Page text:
A 2-Year Program in Social Impact: A FAO Schwarz Fellowship Experience

Jun 24, 2020
Nicholas Mitch, a current FAO Schwarz Fellow, removing invasive species at a street-end park near Newtown Creek

The FAO Schwarz Fellowship believes in the power of imagination and in the energy, abilities, and hopes of each new generation to envision and create a better future and a better world. This program provides recent college graduates with the training and experiences they’ll need to LEAD THE CHANGE. Each year, a new cohort of Fellows interested in nonprofit and social impact leadership careers undertake paid, two-year Fellowships at leading nonprofits in one of three host cities: Boston, New York City and Philadelphia. By combining direct service with a capacity-building project, the Fellows develop professional and leadership skills, knowledge and networks that help them launch successful social impact careers. Six positions for 2021 graduates will likely be available in the next cohort.

To learn more about this program and to get some application suggestions, we spoke with Nicholas Mitch, who is wrapping up his two years as a FAO Schwarz Fellow.

1. What inspired you to apply for the FAO Schwarz Fellowship?

Growing up in south-central Indiana gave me a first-hand look at how communities impact and are impacted by the waterways around them and introduced me to community organizing and advocacy at a young age. I experienced relationships between communities and waterways in new ways on the coast of Maine while studying at Bowdoin College and during internships at The Nature Conservancy, the National Park Service, and the Damariscotta River Association.

All these experiences instilled in me a core understanding: healthy ecosystems and healthy communities go hand-in-hand. In the long term, you can’t have one without the other. As I searched for post-graduate opportunities, I was looking for a chance to live out this understanding while further immersing myself in the nonprofit sector. The FAO Schwarz Fellowship provided a chance to do that, providing opportunities to grow alongside passionate fellows and a robust network of support. 

Nicholas preparing water qualities samples to be tested

2. What is a typical week like for a FAO Schwarz Fellow?

My work at Riverkeeper, a nonprofit that works to protect the Hudson River and its watershed, is to help people connect with and be stewards of the Hudson River and includes coordinating school visits and service projects in addition to assisting with Riverkeeper’s advocacy campaigns at the local and state levels. 

That said, each host organization is unique, and I want to be clear that most are not in the environmental sector. A typical week is going to vary a lot depending on the fellow and the nature of their organization, but there are some unifying features. All fellows engage in a mix of direct service and special project work. Direct service work involves hands-on work providing programs to communities, while special project work focuses on capacity building to advance the mission of the host organization. The combination of the two is a unique feature of this Fellowship and allows for a more comprehensive experience of the various aspects of the nonprofit sector.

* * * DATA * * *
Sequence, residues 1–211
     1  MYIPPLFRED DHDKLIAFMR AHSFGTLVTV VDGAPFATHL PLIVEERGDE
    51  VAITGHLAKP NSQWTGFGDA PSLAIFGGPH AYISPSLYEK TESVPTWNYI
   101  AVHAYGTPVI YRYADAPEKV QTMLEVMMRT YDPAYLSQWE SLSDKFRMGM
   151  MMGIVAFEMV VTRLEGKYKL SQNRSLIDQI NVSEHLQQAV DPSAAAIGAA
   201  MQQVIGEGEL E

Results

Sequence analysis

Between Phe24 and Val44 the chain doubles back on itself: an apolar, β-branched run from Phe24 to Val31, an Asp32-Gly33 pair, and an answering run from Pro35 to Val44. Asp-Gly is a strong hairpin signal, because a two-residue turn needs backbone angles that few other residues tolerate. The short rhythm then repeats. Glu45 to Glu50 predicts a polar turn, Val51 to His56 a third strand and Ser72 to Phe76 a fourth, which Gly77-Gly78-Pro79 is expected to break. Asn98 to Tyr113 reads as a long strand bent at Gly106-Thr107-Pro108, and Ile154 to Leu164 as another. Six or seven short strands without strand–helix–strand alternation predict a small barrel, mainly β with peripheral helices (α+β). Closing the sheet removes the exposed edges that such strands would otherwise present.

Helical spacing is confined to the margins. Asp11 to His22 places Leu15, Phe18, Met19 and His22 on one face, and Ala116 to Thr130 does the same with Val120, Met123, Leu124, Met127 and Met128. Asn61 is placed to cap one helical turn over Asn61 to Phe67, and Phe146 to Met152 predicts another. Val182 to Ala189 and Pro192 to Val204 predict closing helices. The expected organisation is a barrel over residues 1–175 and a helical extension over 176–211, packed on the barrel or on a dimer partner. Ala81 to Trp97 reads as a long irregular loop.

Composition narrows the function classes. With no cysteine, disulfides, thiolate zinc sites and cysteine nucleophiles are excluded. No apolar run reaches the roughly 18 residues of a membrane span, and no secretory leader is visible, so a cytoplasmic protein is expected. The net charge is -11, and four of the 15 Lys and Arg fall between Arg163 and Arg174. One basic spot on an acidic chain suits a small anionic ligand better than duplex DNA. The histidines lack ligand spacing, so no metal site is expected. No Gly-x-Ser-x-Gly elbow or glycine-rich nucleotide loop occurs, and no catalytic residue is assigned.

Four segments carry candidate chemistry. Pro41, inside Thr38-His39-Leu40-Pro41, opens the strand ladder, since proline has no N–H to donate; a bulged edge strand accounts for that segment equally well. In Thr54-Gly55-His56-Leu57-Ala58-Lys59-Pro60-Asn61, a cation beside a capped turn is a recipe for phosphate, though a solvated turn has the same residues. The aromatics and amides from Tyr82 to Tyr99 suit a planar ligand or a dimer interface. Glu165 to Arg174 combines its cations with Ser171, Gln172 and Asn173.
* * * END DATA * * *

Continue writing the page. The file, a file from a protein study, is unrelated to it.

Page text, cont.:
Some of the most memorable times of my fellowship are from the twice-annual fellow retreats. Rotating among the three host cities, Boston, New York, and Philadelphia, these retreats are a time when all fellows gather together and share their experiences. In addition to being a great time for reflection, they’re a chance to see behind the scenes at each of the host organizations and gain a deeper understanding of key topics related to a career in the nonprofit sector. 

Nicholas presenting to the Riverkeeper Board alongside 2015-2017 fellow Jen Benson, who also served at Riverkeeper and continues to work there

3. What tips would you give others applying to the FAO Schwarz Fellowship?

It’s easy to say that strong applicants have a proven record of success and leadership at their undergraduate institution, but that still leaves an incredibly large pool of qualified applicants for only a few positions. To make their application/candidacy stand out at any stage of the selection process, I think that a candidate needs to be able to demonstrate two core commitments. First, that they are ready for an immersive experience in the nonprofit sector that will challenge them to learn, grow, and adapt every day. Second, that they understand the mission of the host organization(s) to which they are applying and bring unique perspectives and skills in serving it through the specific responsibilities outlined in the fellowship description. In demonstrating these commitments through their resumes, cover letters, and interview responses, candidates should seek to describe how their past personal, professional, and academic experiences have intersected with each other to prepare them to serve as a fellow in as tangible of a way as possible.

Nicholas Mitch is a 2018-2020 FAO Schwarz Fellow at Riverkeeper in New York, and an incoming Master in Urban Planning student at the Harvard University Graduate School of Design. He graduated from Bowdoin College in 2018. 

Interested candidates can sign up for an online info session on July 15, October 15 or November 17. You can also visit the FAO Schwarz Fellowship website for more information.  

Interested in applying? Bookmark FAO Schwarz Fellowship to your ProFellow account.

© Victoria Johnson 2020, all rights reserved.